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Top 3 Healing Flowers
Top 3 Healing Flowers
“Flowers seem intended for the solace of ordinary humanity,” wrote Victorian author, artist and conservationist John Ruskin. Indeed, research has proven that multitudes of different flower species possess natural compounds essential to healing.
Certified medical herbalist Sara Stewart Martinelli, owner of Three Leaf Concepts—the parent company of Boulder Tea Company, Three Leaf Farm and a number of restaurants and teahouses—individually blends many of the teas served in her establishments. Here are three of her personal favorites.
Sweet violet (Viola odorada)
“Little sweet violets are the perfect harbingers of spring, with their quiet, humble purple faces cheerfully appearing amidst their heart-shaped leaves,” Martinelli says. Known as sweet violets, English violets, wood violets or common violets, these European natives are now found growing throughout the world. Violets are thought to “gladden the heart,” says Martinelli, and their sweet aroma and flavor make them popular in cosmetics, perfume and even food—candied violets are used in gourmet pastries, and fresh leaves and flowers can be added to salads.
Medicinally, violets have been used traditionally to promote sleep, mental balance and improved mood. They’re also used to make cough syrup, especially for bronchitis. Martinelli shares this recipe: Add 2½ pints of boiling water to one pound of fresh violet flowers. Let steep for 24 hours in a glass container, then strain the liquid. Add double the liquid weight in fine sugar, and heat until the mixture becomes syrupy, being careful not to let it boil. Use the syrup for as medicine or in food.
California poppy (Eschscholzia California)
The official state flower of California, the California poppy has blue leaves, and its flowers range from vibrant orange to pale yellow. Unlike the poppy from which opium is made, the California poppy is safe and non-addictive, while still possessing some of the sedative properties of its more powerful cousin, Martinelli says.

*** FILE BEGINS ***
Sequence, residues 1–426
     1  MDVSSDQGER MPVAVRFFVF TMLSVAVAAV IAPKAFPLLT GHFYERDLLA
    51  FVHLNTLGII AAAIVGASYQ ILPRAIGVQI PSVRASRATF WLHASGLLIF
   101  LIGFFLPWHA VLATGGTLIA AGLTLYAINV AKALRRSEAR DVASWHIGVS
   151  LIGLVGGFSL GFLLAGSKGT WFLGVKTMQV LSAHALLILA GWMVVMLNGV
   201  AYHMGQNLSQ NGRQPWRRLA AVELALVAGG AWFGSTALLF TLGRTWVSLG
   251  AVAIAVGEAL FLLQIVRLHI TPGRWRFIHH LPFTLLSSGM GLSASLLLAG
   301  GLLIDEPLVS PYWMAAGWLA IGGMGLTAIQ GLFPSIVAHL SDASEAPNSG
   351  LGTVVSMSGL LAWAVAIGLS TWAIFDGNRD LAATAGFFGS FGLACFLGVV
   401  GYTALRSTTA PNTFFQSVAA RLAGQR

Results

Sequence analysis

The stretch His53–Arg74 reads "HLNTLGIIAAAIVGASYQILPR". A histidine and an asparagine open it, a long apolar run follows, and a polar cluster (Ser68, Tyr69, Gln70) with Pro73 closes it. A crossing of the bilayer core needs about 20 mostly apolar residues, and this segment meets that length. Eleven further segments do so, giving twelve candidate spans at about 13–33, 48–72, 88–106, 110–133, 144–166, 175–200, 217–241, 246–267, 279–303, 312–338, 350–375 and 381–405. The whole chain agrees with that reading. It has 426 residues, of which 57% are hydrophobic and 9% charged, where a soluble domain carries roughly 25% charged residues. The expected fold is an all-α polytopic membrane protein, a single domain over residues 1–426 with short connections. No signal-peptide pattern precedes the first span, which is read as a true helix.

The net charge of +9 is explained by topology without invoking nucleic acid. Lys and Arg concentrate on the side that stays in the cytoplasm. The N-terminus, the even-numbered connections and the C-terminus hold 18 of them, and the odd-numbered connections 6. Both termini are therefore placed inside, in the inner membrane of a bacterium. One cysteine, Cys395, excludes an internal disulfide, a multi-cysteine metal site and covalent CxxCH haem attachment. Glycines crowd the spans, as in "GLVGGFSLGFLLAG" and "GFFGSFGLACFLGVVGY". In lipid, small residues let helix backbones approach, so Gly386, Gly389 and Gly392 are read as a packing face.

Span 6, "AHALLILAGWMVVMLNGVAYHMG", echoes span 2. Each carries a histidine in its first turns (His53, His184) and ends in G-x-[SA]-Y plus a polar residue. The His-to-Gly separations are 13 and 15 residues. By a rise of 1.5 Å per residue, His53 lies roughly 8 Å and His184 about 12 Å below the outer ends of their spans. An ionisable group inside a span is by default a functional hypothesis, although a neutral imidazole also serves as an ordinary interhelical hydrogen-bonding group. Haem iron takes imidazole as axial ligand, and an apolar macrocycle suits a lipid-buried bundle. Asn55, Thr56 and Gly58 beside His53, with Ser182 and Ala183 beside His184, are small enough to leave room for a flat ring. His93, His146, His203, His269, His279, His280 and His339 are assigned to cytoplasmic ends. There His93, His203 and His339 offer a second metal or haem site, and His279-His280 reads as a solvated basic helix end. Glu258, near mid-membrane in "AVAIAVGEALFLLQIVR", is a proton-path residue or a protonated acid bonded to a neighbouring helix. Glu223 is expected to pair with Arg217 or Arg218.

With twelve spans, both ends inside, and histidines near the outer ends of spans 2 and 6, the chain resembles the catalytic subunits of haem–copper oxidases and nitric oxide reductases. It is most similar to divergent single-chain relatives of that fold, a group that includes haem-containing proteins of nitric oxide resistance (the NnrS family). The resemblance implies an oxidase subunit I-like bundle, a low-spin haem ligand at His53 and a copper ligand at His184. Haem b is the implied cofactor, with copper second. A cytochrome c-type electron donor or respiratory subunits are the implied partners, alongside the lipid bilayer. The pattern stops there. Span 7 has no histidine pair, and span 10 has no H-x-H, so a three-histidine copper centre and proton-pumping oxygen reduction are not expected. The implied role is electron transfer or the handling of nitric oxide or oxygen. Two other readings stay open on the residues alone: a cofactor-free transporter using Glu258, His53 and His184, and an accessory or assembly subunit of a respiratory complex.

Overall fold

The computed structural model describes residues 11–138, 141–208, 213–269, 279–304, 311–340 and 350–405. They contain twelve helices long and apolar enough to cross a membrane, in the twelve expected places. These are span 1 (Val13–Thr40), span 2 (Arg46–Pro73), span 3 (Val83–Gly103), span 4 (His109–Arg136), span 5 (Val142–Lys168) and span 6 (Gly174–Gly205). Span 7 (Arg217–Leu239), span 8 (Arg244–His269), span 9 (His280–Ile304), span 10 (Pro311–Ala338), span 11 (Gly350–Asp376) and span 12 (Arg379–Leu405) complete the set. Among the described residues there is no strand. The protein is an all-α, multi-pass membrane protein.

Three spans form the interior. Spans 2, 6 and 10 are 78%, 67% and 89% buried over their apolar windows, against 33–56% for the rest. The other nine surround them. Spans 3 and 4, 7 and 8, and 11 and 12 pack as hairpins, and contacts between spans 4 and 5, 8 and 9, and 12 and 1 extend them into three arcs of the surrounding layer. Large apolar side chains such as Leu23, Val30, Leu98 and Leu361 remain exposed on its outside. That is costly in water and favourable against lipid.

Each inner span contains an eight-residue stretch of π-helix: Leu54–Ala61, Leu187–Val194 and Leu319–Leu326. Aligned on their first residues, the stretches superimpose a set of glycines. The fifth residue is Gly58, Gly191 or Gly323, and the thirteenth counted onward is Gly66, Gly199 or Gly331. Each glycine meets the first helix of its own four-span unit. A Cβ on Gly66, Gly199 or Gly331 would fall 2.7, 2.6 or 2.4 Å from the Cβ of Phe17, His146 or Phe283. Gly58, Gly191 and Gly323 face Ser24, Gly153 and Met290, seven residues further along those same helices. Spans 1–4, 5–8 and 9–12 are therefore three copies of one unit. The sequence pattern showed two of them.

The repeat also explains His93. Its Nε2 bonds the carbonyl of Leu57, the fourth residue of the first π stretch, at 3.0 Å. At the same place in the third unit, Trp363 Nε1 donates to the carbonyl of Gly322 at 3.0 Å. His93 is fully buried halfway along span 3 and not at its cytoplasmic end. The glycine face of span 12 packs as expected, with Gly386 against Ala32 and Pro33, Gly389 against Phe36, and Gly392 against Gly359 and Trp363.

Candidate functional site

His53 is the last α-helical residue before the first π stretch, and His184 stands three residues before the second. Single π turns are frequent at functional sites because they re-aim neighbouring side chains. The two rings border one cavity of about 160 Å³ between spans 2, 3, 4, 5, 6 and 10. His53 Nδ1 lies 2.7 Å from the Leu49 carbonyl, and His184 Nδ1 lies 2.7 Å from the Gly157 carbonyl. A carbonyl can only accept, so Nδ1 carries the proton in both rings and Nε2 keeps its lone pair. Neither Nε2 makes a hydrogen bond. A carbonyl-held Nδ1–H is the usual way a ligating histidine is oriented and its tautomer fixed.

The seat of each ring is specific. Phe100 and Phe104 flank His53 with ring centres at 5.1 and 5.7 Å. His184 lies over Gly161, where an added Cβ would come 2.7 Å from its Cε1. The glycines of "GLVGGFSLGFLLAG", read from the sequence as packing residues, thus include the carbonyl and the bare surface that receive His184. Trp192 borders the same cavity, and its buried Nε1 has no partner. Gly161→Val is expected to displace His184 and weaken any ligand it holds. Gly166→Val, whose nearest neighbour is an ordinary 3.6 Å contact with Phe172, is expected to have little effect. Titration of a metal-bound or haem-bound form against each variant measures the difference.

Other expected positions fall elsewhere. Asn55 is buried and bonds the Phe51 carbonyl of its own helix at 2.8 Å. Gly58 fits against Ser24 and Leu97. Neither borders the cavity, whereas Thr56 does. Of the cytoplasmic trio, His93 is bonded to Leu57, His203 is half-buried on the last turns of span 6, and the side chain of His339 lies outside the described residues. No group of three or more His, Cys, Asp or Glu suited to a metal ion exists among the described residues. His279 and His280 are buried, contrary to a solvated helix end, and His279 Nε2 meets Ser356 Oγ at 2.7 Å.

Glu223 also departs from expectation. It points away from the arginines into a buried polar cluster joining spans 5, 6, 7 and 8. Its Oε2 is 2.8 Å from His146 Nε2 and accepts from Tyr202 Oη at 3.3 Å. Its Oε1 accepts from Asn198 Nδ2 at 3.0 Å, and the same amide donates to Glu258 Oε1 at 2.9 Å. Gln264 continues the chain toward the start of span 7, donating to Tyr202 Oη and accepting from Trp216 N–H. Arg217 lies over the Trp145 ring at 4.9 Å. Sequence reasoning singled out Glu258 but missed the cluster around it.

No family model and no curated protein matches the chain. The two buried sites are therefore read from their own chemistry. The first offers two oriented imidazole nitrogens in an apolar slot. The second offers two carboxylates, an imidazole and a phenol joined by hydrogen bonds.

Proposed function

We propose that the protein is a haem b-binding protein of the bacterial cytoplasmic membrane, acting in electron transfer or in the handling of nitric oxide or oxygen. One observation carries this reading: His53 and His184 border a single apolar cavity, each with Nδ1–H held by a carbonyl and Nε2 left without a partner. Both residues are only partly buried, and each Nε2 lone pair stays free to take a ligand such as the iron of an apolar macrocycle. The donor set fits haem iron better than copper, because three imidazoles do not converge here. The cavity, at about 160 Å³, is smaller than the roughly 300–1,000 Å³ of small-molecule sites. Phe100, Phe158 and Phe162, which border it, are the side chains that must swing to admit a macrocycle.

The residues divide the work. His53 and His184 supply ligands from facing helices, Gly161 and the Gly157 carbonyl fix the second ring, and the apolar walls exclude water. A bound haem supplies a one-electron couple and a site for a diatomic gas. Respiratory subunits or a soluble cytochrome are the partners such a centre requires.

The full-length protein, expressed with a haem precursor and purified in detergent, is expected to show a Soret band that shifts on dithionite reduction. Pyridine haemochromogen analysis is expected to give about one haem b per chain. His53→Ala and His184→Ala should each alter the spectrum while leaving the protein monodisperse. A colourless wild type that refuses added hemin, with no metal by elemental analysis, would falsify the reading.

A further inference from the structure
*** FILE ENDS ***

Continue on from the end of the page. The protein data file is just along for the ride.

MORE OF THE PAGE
“California poppy has been used widely and safely with children of all ages to help combat overexcitability and to promote healthy sleep patterns. It’s also an antispasmodic herb and can be used effectively to treat stomach or bowel upset or cramping,” she notes. To use them, dry the stems, leaves and flowers, and make a tea by pouring a cup of boiling water over one teaspoon of the dried herb; steep for 10 minutes, add honey and drink at bedtime. Don’t drink more than one or two cups, or you might feel lethargic the next day.
Yarrow (Achillea millefolium)
Found both in the wild and in the garden, yarrow has feathery leaves and tiny bunches of flowers that come in a variety of colors, including yellow, pink and red. For medicinal purposes, it’s the wild white yarrow that is most revered. “Yarrow has been known for centuries as a plant that assists in the healing of wounds and was considered ‘the soldiers’ woundwort’ for its ability to stanch the bleeding of wounds of battle,” Martinelli explains. “This ability led to its being named after the legendary warrior, Achilles.” Yarrow leaves can be used as a natural bandage, placed directly on a superficial cut or scrape. The leaves also are reputed to stop nosebleeds—just roll them and place them in the nose.
Used internally (as a tea), yarrow may help treat fevers by creating perspiration. “A famous old recipe calls for equal parts yarrow, boneset, peppermint and elderflower as the most effective antifever tea,” Martinelli says. To use the plant, harvest the above-ground parts when the flowers are at their peak. Dry the flowers and steep in hot water to make tea.
“Along with its many medicinal uses, yarrow has been used in many cultures as a tool of divination,” Martinelli says. She explains that its long stalks are dried and used during readings of the I Ching, a book of Chinese prophecy; and when its leaves are placed under a pillow, it is said to bring visions of one’s future spouse.
By: Debra Bokur
Debra, a former Contributing Editor at Fit Yoga Magazine, Travel & Wellness Editor at Healing Lifestyles & Spas, and Managing Editor at Delicious Living Magazine, has been covering health, travel and wellness for over 25 years. She currently writes for Global Traveler Magazine and serves as the poetry editor at the national literary journal Many Mountains Moving. Previously, she trained horses for the sports of dressage and combined training, and worked for a variety of equestrian magazines including Spur, Horse & Rider, HorsePlay, and Discover Horses.
June 21st, 2012